Those few of you who regularly read my ABC Wednesday posts will know that there is nothing I like better than an eccentric rogue and this week I give you one of the greatest – Maurice Flitcroft the Phantom of the Open.
Here was a man who took up golf at the age of forty-six and believing that he had mastered the game in a matter of months he posed as a professional to enter the most prestigious tournament in golf and carding a never to be equalled score of 121. Read more ›››
Like the secret of immortality or turning lead into gold, there are arcane legends as old as time, but none stranger than the magical petrol pill promoted by Guido Franch.
Franch was born in Livingston, Illinois, in 1910 and left school at the age of twelve to become a coal miner. He might have remained a blue collar worker except that in the 1950s he ‘discovered’ how to turn water into gasoline. Read more ›››
When America initiated the Manhattan Project it relied on the talents of many brilliant scientists who were often eccentric and some of them politically compromised, none more so that the atomic spy Klaus Fuchs.
Fuchs was born in Germany in 1911, the third of four children of Lutheran pastor Emil Fuchs. His father held strong left wing views as a member Social Democratic Party of Germany (SPD) and heavily influenced the younger Fuchs‘ political views. Read more ›››
Bertram Forer was an American psychologist who is remembered for describing the technique for self-deception familiar to psychics, astrologers and even popular business personality tests.
Forer was born in Springfield, Massachusetts, in 1914 and graduated from the University of Massachusetts Amherst in 1936. He then received his MA and PhD in clinical psychology from the University of California. Read more ›››
Maria Teresa de Filippis was an Italian racing driver who in 1958 was the first woman to enter the Formula One Championship and is one of only two women ever to make it to the starting grid.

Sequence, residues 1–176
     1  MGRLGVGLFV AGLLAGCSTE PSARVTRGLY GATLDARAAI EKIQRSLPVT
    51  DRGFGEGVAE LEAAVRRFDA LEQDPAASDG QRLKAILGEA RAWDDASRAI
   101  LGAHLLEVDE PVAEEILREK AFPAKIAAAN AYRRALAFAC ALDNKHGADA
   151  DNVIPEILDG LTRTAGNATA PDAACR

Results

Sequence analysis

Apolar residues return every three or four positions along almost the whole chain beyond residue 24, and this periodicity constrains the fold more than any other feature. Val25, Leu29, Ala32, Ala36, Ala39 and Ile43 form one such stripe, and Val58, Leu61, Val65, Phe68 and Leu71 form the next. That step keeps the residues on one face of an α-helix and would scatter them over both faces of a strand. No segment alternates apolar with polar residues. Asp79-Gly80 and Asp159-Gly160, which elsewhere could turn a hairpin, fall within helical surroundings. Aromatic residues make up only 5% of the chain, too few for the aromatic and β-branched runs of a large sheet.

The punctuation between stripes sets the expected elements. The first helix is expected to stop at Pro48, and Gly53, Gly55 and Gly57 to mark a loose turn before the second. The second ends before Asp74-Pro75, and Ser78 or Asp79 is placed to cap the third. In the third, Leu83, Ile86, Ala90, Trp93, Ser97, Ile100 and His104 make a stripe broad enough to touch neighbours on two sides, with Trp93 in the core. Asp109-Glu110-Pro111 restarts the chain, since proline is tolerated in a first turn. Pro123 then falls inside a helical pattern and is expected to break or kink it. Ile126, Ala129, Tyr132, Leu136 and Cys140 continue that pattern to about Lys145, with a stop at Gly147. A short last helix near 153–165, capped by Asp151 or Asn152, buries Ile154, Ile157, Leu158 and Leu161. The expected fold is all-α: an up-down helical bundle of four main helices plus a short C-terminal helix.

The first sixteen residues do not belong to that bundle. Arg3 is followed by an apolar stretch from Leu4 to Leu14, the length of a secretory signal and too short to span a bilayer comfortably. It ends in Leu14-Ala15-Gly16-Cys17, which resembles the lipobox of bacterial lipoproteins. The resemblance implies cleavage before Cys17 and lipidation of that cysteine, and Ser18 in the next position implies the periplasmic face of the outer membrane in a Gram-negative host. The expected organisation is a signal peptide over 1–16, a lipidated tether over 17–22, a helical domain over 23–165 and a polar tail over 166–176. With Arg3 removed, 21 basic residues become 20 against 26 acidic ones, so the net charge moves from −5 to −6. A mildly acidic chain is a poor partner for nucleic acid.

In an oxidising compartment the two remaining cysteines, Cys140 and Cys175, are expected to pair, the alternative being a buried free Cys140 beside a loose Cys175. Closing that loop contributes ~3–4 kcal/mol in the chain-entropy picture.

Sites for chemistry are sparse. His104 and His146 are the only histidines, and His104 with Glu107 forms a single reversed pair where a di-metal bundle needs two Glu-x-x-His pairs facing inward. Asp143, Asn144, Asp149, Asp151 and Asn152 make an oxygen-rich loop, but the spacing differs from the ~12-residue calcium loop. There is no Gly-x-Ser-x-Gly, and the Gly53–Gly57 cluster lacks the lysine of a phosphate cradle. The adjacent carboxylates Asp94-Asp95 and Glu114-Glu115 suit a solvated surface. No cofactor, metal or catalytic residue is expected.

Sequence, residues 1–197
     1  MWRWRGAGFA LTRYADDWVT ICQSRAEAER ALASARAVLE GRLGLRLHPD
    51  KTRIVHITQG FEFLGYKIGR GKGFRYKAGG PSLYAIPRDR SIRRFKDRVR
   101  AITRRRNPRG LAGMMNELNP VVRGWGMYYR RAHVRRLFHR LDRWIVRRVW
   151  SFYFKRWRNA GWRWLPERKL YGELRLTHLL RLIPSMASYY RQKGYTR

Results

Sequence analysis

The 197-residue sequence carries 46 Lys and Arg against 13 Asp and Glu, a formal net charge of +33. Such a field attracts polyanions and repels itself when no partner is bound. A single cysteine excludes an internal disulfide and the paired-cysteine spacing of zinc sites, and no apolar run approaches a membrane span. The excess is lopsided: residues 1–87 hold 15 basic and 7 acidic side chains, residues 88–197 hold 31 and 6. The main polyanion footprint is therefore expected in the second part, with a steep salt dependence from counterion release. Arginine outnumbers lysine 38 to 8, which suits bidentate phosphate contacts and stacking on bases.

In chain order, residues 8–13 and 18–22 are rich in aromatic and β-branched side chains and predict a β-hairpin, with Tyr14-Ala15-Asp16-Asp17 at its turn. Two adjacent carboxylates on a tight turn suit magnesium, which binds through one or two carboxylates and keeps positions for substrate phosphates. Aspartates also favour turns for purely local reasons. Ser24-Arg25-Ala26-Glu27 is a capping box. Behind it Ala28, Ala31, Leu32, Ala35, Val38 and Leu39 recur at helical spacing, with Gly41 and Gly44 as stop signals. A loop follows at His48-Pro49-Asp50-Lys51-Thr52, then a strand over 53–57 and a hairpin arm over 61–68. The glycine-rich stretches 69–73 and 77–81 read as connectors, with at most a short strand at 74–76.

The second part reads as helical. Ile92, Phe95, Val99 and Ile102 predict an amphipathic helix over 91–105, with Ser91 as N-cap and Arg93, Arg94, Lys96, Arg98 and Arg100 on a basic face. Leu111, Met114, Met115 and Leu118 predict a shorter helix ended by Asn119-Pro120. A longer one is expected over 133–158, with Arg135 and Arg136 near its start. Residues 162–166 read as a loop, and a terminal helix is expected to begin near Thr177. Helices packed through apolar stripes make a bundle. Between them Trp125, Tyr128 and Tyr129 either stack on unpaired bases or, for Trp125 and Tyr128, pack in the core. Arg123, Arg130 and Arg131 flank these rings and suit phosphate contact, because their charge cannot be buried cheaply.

Filippis was born in Naples in 1926, the daughter of a count, her career began on the Amalfi coast when her brothers bet that she couldn’t drive quickly. Read more ›››
Mankind is never more inventive than when he is trying he is trying to maim or kill his fellow man and during the Second World War, the German secret service came up with many ingenious, if rather Heath Robinson, devices for assassination and sabotage.
Although known by MI5, detailed illustrations of these devices remained hidden until the turned up in the effects of artist and graphic designer, Laurence Fish, in the summer of 2015. Read more ›››
The English countryside is dotted with follies, buildings that we would probably call vanity projects these days, and one of the most prolific sponsors of such eccentricities was Mad Jack Fuller.
The Fuller family were landowners in Brightling, East Sussex, from the late 16th century and made their fortune from manufactured iron goods, especially cannons which they supplied to the Royal Navy. Read more ›››
This week’s figure from the past is Arthur Furguson who is either one of the foremost fraudsters and flimflammers in history or the figment of someone’s febrile fantasies.
Born in Scotland in 1883, Furguson was an actor and like many in his profession, he was natural born salesman a talent he was to put to good use later in his life… Read more ›››